Do you answer calls if the Caller ID says Scam Likely?
July 21, 2022 / Written by Angela Garfinkel

Do you answer the call if the caller ID says “Scam Likely?”

When robocalls spiked in 2021, the “Scam Likely” notice appeared more often on people’s phones. This change may have been due to new FCC STIR/SHAKEN regs that carriers had to comply with by June 30 of that year.

As technology advances, telecom engineers that support outbound call teams must become savvier to ensure legitimate calls go through. In addition to unknown calls that cellphone users decline, telecom carriers are actively blocking and labeling calls that are not transmitted with a SHAKEN A Attestation. 

How many blocked calls do you face per day? 1,000? 10,000? Is that number growing? There is a tug-of-war between the scammers and legitimate callers, and the stakes increase as technological tools improve. 

How robocallers and scammers are getting more sophisticated

With VOIP and VPN technology, coupled with algorithms, machine learning, and lightning-fast connection speeds through the network, robocallers and scammers are getting more sophisticated as they work around the “Scam Likely” messaging.

Unfortunately, these tools are getting cheaper as more competitors emerge. VOIP can cost as little as $99 a month per extension. VPNs cost around $10 a month. Then, all the scammers have to do is set their tools to run automatedly and let the spam calls begin.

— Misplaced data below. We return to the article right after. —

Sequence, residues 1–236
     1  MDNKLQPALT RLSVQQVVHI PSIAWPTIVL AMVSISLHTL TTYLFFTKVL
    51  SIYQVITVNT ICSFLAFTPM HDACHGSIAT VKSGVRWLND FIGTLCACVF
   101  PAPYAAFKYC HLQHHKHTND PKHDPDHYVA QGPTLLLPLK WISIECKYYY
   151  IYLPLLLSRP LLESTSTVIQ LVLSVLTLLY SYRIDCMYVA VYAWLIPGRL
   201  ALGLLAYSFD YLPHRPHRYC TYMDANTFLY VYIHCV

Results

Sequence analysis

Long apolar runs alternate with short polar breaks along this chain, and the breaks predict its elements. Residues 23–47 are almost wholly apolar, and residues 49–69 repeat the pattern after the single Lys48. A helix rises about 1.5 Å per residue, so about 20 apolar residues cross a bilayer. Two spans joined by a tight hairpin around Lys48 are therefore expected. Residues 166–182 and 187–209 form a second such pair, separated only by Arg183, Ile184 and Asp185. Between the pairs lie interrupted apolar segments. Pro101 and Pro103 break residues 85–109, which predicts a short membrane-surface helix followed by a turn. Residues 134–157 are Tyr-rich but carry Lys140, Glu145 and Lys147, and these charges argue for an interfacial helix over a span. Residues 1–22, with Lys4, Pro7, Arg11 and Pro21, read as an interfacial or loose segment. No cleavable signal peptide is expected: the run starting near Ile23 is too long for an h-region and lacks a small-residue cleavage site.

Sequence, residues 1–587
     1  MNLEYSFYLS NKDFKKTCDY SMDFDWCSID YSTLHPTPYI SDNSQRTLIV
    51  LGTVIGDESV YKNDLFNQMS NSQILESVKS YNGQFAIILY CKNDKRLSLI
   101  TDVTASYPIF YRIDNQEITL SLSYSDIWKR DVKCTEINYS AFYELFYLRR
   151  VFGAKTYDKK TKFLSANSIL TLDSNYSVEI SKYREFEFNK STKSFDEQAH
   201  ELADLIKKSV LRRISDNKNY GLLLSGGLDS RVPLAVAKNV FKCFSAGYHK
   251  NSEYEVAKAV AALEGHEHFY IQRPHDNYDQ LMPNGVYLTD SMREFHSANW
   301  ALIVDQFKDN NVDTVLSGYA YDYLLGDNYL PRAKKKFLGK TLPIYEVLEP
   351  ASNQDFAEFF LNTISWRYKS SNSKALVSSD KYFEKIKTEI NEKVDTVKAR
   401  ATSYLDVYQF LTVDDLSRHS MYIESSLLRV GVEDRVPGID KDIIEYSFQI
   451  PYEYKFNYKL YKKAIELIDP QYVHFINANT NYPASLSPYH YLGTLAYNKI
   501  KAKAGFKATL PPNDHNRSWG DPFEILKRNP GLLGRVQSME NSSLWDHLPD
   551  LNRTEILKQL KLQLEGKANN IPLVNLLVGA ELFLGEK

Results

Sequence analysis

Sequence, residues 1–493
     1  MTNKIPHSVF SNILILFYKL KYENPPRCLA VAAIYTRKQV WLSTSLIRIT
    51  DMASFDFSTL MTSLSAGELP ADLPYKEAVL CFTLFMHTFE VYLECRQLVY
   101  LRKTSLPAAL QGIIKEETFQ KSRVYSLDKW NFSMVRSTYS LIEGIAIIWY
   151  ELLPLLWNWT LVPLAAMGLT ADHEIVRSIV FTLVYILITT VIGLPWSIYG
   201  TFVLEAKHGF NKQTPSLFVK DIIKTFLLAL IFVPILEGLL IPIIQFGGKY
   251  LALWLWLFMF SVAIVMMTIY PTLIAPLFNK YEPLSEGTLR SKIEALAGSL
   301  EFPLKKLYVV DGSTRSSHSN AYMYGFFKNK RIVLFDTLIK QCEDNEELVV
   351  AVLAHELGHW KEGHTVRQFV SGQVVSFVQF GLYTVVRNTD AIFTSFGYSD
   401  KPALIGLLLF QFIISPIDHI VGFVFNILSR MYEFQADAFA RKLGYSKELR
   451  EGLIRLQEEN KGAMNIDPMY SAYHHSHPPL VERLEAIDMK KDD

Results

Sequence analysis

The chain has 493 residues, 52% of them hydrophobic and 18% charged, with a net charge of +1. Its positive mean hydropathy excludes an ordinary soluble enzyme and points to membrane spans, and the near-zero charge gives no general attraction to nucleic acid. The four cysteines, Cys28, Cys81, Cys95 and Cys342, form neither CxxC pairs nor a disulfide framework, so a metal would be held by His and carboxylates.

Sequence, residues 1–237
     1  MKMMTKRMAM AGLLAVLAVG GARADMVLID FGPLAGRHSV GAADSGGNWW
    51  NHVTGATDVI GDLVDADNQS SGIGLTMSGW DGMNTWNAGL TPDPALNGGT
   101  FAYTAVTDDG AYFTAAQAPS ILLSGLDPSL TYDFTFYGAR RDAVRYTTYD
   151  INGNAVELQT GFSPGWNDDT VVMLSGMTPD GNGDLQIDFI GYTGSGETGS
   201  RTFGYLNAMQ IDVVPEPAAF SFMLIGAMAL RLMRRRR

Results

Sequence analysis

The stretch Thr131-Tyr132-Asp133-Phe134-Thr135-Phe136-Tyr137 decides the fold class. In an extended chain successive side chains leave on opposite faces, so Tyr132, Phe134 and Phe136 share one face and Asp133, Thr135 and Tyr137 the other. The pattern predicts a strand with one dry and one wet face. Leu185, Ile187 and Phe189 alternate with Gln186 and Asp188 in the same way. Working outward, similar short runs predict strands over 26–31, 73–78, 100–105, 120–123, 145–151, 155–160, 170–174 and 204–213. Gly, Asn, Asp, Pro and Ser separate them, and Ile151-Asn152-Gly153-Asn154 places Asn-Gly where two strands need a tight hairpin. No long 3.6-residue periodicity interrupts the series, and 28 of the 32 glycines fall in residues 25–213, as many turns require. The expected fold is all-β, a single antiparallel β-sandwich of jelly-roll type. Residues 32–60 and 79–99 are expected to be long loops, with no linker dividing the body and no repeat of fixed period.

Spammers and scammers employ call-spoofing tactics where the number appears as if it’s from a legitimate source. STIR/SHAKEN’s implementation which was completed on June 30th will prevent this. 

There were 50 billion robocalls in America in 2021. And Americans now answer less than half of the calls they receive. 

How call recipients combat robocallers and scammers

The traditional “block caller” method is particularly effective when recipients want direct control over blocking calls. U.S. consumers do not typically answer calls that display a “scam likely” notice on the incoming call and then block them. If they want to do further research, they put the number in Google, and “Who Calls Me” might show up rather than a legitimate company number. Android and Apple phones have proprietary tools that automatically block calls based on recipients’ parameters. 

Another solution, albeit a bit more drastic, is for cellphone users to change phone numbers altogether. Carriers do this free of charge for a limited number of times per billing cycle. However, individuals cannot select their new number or whether it’s been used before. Even if someone gets a brand-new number that’s never been assigned, spammers will use it eventually. It’s a mathematical certainty.

The good news is that STIR/SHAKEN has been fully implemented and call recipients should be seeing a significant drop in robocallers and scam calls. 

Caller ID says scam likely

How the telecom ecosystem has evolved